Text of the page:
The Swiss Tennis professional Roger Federer’s Biography, who became the world’s top tennis player and the first man since Mats Wilander in 1988 to win three Grand Slam events in the same year.
On August 8, 1981, Roger Federer was born in Basel, Switzerland to Lynette and Robert Federer. Roger’s father Robert was an executive for the pharmaceutical company named Ciba-Geigy. During a business trip, His father met Lynette, a native South African and also employee of Ciba-Geigy. After their marriage, first daughter Diana was born in 1979. Diana and Roger grew up in the town just outside the city of Basel, Munchenstein.
Tennis was Roger’s family passion although neither his parents nor his sister had any special interest for the game. At the age of eight, Roger won Basel’s crack junior program. His performance already showed signs of genius. But controlling his temper was a biggest problem that would affliction him throughout his childhood. He was often out of control on the court. He lost his temper after hitting dumb shots and rarely went through a day without hurling his racket against the fence. Robert and Lynette were embarrassed when they saw their son’s behavior during tournaments. Roger could not understand this. He was never offensive to umpires, linesmen or opposing players. His anger was reserved for himself.
From the age of 10 to 14, Roger spent more time with his coach Carter than his own parents. The coach Carter taught him flawless technique on his ground strokes and serves and watched him grow into his body and start dominating opponents. Carter and Roger spent countless hours discussing the mental side of the game not only just strategy and psychology but also about the importance of being gracious, polite and reigning in your emotions.
In 1994, at the age of 13, Roger took important decision to leave home and accept an invitation to Switzerland’s national training center in Ecublens near Lausanne. He would come home on weekends and spend time with his family. Three years later, he left Ecublens and re-enrolled in a new training facility in Biel, where Carter was a staff member. After Reunited with his coach, Roger began a steady rise to the world’s top junior ranking. In 1997, Peter Lundgren, a former ranked ATP player from Sweden joined the staff and worked with Roger on occasion. He helped to improve Roger’s already-silky strokes and hammered home the self-control message on which Carter had made such good headway. The following year, Roger renowned himself as the most polished teenager in tennis and gained the ITF’s #1 world ranking, capturing the Wimbledon junior singles and doubles titles. He lost final of the junior draw at the U.S. Open against David Nalbandian.
In 1999, Roger’s performance was good. He reached the semifinals of a tournament in Vienna and advanced to the quarters in Marseille, Rotterdam and Basel. His biggest victory came over Carlos Moya, who was ranked #5 at the time. In Brest, Roger won a Challenger-level event by defeating Max Mirnyi. At the end of the year, he was the youngest member of the ATP Tour’s Top 100.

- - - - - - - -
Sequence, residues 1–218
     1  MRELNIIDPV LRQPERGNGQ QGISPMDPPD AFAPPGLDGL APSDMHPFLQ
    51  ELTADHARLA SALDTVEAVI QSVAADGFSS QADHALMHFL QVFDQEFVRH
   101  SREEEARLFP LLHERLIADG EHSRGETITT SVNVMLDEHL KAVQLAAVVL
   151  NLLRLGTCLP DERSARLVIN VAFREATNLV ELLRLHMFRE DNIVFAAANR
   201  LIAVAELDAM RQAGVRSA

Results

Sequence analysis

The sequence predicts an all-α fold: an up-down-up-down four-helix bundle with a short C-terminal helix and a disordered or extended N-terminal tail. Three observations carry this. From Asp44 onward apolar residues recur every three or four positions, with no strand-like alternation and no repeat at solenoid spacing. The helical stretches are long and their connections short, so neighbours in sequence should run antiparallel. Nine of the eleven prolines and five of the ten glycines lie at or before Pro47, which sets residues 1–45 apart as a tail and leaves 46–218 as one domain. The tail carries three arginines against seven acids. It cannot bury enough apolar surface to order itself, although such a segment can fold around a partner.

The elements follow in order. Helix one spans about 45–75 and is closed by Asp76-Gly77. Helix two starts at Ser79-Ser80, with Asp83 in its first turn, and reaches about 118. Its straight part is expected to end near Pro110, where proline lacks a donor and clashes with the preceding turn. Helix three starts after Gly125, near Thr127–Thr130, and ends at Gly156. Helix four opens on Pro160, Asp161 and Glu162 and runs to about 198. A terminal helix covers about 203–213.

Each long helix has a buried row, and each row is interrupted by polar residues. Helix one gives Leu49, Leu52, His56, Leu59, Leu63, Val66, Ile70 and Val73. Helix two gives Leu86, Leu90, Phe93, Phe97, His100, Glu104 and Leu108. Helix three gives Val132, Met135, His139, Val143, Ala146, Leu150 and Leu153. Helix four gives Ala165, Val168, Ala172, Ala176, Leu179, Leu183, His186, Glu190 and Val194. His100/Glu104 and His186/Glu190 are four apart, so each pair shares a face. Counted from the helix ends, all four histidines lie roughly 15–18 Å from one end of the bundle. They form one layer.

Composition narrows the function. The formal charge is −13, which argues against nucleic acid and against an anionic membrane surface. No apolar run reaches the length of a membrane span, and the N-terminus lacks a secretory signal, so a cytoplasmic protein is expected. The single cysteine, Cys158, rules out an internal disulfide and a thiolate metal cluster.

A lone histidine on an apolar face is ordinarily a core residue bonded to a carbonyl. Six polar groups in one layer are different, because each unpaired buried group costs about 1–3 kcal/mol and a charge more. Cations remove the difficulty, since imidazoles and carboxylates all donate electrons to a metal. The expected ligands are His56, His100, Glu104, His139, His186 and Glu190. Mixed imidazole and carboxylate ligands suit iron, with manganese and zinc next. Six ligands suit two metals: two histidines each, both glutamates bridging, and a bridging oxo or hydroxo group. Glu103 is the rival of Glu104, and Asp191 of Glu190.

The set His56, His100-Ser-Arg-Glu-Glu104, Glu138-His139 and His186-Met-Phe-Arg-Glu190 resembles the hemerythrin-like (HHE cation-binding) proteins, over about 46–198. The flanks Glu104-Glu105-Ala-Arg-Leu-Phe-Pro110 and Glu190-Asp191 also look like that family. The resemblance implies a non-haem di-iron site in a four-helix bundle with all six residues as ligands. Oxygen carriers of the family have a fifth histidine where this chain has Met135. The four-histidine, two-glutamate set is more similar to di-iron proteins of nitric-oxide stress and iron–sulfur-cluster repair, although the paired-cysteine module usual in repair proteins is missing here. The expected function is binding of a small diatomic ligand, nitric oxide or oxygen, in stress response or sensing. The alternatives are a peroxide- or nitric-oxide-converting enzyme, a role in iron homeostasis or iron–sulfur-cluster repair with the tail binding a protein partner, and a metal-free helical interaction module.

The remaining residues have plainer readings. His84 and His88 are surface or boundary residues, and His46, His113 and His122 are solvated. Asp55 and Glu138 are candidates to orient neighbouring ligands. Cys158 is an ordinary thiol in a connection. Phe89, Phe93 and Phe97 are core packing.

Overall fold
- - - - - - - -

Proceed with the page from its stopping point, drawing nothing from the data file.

In 2000, Roger reached two ATP finals. In Marseille final, he lost with countryman Marc Rosset in a final-set tiebreak and with Tomas Enqvist in the finals at Basel. In 2001, He won first ATP singles title in Milan. He defeated Evgeny Kafelnikov, Goran Ivanisevic and Julien Boutter in a row to the championship. This was the biggest breakthrough for him. Roger was led performer in the Swiss Davis Cup team to victory over the United States by taking both his singles titles as well as the doubles. The best was yet to come for Roger. In the same year, he beat American star Pete Sampras in five sets to end his 31-match winning streak. Most of the Tennis fans thought this might be Roger’s long-awaited breakthrough, but he lost in the next round to Tim Henman. It was not the first time he had followed a significant win with a perplexing loss and it would not be the last.
In 2003, Roger won 2 tournaments in a row in Dubai and Marseille. On July 6, 2003 he made history by becoming the first Swiss man to win the Wimbledon championship, defeating Australia’s Mark Philippoussis. By winning the Tennis Masters Cup without losing a match and ranking second in the ATP tour race.
In 2004, Federer won first Australian Open title by defeating Marat Safin. In May 2004, he won the Hamburg Masters beating Guillermo Coria, the hottest clay court player in the circuit. Then he defeated Andy Roddick in Wimbledon final. In September, he flattened Lleyton Hewitt in the most lop-sided final in the 120 year history of the tournament to win the men’s singles US Open grand slam event. He finished the year taking the Tennis Masters Cup at Houston for the second time in a row by winning 5 straight matches against the top 8 players in the world.
Regardless of his reputation for finesse, Roger does not lack a power game. His strokes are so powerful, it seems impossible that he could generate the pace he does. The same is true of Roger’s serve, which is well above average. Off the court, Roger’s politeness and frankness have endeared him to the tennis fans. Unlike Laver and Borg, he is comfortable on hard surfaces and can dominate to opponent. And unlike Sampras and McEnroe, his game is championship-caliber on clay.